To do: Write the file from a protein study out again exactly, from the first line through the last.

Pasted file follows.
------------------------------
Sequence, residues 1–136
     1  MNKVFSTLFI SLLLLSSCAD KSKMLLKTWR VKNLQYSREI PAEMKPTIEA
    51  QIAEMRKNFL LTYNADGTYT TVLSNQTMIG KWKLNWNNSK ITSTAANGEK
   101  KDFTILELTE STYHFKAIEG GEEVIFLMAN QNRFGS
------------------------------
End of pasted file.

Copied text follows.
Sequence, residues 1–136
     1  MNKVFSTLFI SLLLLSSCAD KSKMLLKTWR VKNLQYSREI PAEMKPTIEA
    51  QIAEMRKNFL LTYNADGTYT TVLSNQTMIG KWKLNWNNSK ITSTAANGEK
   101  KDFTILELTE STYHFKAIEG GEEVIFLMAN QNRFGS